The small city of Lafayette, Colo., seems an unlikely place for an Indian grocery store.
Fewer than 100 Indians live in this town of 23,000, and only 3.3 percent of residents are Asian, according to the U.S. Census Bureau. In fact, in 2000, only about 12,000 of the 4.3 million Coloradans were of Indian ancestry, and only 2.2 percent of the state's citizens were Asian.
And yet, Lafayette's Aladdin Market, which opened last December, is thriving, according to its Pakistani owners. The reason? Crossover shoppers—growing numbers of non-Indians who, for a variety of reasons, want to experience the delicacies of Delhi. And the same is true at markets throughout the country. Although only sixth-tenths of a percent of the U.S. population is Indian, Indian food is one of the fastest-growing categories in American grocery stores.
Schaumburg, Ill.-based market research firm SPINS reports that in 2006, total Indian food sales increased 23 percent, to $16 million, in U.S. natural foods supermarkets. Everything from frozen saag paneer entr?es to packaged chicken tikka masala mixes posted sales increases between 22 percent and 35 percent. The only segment that didn't show double-digit growth was frozen and refrigerated convenience foods such as samosas, and that's only because fewer manufacturers are making them. "I think more companies are concentrating on full Indian meals," rather than single-item convenience foods, says Vincente Hernandez, SPINS' product library operations lead.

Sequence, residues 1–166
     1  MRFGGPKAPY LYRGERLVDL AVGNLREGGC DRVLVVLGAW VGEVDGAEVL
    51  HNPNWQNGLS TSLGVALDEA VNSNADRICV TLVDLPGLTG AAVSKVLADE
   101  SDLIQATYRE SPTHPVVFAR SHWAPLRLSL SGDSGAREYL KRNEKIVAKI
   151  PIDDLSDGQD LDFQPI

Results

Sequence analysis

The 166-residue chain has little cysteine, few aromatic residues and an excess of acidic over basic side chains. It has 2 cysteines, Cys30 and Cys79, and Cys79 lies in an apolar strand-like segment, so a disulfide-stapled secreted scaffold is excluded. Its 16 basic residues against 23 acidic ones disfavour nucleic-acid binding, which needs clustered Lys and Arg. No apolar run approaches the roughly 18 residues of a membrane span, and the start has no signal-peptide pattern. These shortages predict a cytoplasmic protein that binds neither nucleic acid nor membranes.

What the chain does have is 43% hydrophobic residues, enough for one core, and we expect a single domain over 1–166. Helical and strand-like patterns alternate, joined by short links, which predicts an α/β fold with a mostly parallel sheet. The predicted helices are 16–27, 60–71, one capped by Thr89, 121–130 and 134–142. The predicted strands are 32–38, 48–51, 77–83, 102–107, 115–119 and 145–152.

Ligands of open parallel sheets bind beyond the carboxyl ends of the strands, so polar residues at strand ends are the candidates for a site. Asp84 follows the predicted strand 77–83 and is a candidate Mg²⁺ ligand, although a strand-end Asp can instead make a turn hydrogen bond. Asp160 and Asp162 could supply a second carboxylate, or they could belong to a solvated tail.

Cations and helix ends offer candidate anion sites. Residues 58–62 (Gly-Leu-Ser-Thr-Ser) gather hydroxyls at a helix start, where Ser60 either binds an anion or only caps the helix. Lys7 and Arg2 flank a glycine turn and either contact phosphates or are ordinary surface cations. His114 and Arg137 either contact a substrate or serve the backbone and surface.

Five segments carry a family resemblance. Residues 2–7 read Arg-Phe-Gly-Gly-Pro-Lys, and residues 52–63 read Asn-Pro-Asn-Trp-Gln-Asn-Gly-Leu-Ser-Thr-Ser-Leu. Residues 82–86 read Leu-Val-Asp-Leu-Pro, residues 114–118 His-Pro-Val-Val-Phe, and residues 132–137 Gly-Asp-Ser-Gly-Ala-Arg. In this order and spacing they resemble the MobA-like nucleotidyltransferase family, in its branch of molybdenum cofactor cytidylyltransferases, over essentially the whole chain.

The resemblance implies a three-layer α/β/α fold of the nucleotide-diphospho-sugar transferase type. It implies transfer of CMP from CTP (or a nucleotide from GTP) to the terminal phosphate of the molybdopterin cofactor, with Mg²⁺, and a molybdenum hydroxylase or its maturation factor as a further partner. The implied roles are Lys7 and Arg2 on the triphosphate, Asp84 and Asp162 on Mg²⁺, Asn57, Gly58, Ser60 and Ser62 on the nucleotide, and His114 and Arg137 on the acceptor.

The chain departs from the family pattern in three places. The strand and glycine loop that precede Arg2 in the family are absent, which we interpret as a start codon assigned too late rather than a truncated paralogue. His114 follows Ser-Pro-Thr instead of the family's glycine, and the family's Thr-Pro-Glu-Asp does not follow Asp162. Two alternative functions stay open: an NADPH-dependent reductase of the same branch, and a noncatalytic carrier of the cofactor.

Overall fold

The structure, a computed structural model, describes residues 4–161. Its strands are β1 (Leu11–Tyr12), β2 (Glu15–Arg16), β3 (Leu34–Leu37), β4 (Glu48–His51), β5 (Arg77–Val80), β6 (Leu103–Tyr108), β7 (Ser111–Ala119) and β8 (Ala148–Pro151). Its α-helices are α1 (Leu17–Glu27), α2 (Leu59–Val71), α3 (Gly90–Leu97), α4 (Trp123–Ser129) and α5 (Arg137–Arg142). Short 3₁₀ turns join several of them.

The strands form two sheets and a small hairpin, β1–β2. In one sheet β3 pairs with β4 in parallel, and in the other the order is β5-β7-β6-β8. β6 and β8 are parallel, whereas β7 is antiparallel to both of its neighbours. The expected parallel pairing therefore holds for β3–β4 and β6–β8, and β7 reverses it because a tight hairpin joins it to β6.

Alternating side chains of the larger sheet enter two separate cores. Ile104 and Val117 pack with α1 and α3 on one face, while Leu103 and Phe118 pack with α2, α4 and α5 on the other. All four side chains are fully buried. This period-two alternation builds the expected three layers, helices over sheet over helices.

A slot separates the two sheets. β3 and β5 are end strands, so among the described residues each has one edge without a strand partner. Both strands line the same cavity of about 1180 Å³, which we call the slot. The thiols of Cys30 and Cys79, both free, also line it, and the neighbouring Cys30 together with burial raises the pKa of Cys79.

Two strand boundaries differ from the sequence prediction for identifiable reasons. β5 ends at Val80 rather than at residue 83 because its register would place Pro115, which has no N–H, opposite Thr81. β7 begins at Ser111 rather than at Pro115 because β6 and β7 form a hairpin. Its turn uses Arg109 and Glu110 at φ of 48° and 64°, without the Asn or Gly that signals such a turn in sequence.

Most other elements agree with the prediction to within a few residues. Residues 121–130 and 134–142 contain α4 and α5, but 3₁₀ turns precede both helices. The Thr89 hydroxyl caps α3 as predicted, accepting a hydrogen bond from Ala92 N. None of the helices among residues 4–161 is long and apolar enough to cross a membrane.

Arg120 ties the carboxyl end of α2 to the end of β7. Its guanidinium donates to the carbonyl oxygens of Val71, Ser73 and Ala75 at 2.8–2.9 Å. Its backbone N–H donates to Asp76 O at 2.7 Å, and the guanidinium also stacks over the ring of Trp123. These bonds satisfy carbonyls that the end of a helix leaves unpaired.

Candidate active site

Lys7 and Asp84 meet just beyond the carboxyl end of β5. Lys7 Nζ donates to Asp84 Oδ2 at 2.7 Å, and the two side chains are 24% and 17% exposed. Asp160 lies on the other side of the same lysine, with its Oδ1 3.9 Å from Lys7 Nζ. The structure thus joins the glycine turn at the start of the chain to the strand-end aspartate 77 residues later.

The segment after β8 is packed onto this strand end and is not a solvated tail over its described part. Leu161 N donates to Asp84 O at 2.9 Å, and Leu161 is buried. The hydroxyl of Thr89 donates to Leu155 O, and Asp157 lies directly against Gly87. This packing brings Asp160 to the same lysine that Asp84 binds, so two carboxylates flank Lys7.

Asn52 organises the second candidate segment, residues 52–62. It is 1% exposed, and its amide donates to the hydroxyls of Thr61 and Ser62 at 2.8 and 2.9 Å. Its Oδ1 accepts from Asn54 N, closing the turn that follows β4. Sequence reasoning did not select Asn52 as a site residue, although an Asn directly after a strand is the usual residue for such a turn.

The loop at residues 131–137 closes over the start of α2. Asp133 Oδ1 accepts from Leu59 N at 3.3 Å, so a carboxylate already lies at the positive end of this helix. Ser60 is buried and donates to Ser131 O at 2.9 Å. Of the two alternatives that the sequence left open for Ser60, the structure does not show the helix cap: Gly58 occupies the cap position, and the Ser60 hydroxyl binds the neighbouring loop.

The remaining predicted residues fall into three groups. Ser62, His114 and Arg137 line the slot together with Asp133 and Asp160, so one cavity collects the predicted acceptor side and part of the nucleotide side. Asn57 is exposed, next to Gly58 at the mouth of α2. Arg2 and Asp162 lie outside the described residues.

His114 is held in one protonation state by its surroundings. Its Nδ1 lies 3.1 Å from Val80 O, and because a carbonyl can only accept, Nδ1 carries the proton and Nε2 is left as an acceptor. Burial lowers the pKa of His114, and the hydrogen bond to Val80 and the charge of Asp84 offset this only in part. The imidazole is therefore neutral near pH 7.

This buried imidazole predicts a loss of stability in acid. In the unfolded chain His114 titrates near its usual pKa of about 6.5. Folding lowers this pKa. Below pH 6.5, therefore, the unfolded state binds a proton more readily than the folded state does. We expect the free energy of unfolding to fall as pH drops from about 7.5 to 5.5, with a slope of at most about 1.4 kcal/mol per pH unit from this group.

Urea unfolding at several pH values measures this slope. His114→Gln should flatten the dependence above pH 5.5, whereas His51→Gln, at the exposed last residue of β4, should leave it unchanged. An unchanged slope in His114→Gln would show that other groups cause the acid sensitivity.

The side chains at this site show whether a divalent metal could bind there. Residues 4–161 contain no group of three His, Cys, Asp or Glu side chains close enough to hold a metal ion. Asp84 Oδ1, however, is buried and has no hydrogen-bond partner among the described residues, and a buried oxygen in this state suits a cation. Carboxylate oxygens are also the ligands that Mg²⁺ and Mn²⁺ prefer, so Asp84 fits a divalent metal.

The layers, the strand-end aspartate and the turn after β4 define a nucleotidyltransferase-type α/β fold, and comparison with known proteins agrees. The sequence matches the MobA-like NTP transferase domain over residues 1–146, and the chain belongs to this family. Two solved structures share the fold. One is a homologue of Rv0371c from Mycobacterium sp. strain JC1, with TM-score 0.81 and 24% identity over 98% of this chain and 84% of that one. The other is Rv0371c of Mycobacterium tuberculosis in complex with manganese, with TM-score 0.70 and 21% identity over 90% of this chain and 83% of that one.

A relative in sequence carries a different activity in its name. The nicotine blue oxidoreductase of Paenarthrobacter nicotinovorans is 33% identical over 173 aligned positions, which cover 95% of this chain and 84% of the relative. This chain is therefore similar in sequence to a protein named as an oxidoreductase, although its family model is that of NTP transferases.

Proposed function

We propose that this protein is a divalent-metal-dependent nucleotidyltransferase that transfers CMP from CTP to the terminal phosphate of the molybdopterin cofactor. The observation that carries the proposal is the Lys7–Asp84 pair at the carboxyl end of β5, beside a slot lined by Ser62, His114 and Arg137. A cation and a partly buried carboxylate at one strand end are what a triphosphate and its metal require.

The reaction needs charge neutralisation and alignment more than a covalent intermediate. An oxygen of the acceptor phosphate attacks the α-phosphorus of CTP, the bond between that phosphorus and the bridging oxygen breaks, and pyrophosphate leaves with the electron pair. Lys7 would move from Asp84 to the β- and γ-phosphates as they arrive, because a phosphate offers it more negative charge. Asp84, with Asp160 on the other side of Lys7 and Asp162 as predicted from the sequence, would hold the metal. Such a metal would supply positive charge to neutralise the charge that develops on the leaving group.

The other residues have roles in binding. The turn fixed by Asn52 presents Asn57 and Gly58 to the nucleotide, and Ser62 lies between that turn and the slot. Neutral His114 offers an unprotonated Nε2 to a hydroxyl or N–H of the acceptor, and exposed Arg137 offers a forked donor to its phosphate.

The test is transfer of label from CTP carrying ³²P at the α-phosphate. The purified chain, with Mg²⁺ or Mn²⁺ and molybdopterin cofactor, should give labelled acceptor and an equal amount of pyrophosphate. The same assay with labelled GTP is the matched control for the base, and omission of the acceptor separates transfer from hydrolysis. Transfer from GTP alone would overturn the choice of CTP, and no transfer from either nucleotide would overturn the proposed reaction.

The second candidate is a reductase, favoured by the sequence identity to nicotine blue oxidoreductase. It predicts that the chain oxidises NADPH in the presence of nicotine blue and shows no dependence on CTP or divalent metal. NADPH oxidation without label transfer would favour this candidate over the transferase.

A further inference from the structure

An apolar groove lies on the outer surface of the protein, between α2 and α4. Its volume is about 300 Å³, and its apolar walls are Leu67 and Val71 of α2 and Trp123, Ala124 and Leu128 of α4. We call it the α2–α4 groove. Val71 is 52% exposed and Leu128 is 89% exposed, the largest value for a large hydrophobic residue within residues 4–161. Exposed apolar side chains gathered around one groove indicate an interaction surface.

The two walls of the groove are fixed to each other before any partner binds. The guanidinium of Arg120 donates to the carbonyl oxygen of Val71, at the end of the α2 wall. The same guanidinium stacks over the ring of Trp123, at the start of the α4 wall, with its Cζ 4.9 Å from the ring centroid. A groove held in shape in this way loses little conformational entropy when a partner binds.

Natural foods manufacturers report similarly robust sales figures for their Indian foods. Santa Rosa, Calif.-based Amy's Kitchen introduced six frozen Indian entr?es in 2004, and now the products are "selling right at or near some of our best-selling products, like lasagna or our bowls," says Steve Warnert, Amy's director of sales and marketing.
Overall, Indian food is "one of the highest-growing ethnic food categories," Hernandez says. "There's a greater demand for it from clientele, which results in expansion of existing lines, and more lines being picked up by more national distributors." Adds Don Montuori, publisher at Rockville, Md.-based market researcher Packaged Facts: "From a broader trend perspective, Indian has been an up-and-coming cuisine for the last several years. There are more Indian restaurants, and the Indian population in the U.S. is growing."
Although Hernandez says the largest selections of prepared and packaged Indian foods are showing up in mass merchandisers such as Target and Wal-Mart, they're also very popular in natural foods stores. "Many Indian foods are vegetarian or vegan, and the products have the reputation of being clean foods," without many preservatives or additives, he says. Montuori points out that Indian food often uses ingredients already popular in natural foods stores, such as rice, lentils, vegetables, spices and yogurt. He says natural foods shoppers tend to be more receptive to diverse cuisines and unusual flavors than conventional shoppers, which also helps drive Indian food sales.
Warnert says that surprisingly, even though the largest concentrations of Indian restaurants are on the East and West coasts, Amy's Indian entr?es are "selling well all over. We've had really strong success in places like central Texas and the Midwest." The most frequent buyers are college students. "They tend to skew vegetarian, and their sense of travel and the world can be broader than other folks'," he says.